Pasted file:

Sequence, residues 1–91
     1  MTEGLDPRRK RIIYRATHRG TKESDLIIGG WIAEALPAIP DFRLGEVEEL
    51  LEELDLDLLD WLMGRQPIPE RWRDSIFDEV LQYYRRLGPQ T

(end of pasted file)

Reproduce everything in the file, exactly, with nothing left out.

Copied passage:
Sequence, residues 1–91
     1  MTEGLDPRRK RIIYRATHRG TKESDLIIGG WIAEALPAIP DFRLGEVEEL
    51  LEELDLDLLD WLMGRQPIPE RWRDSIFDEV LQYYRRLGPQ T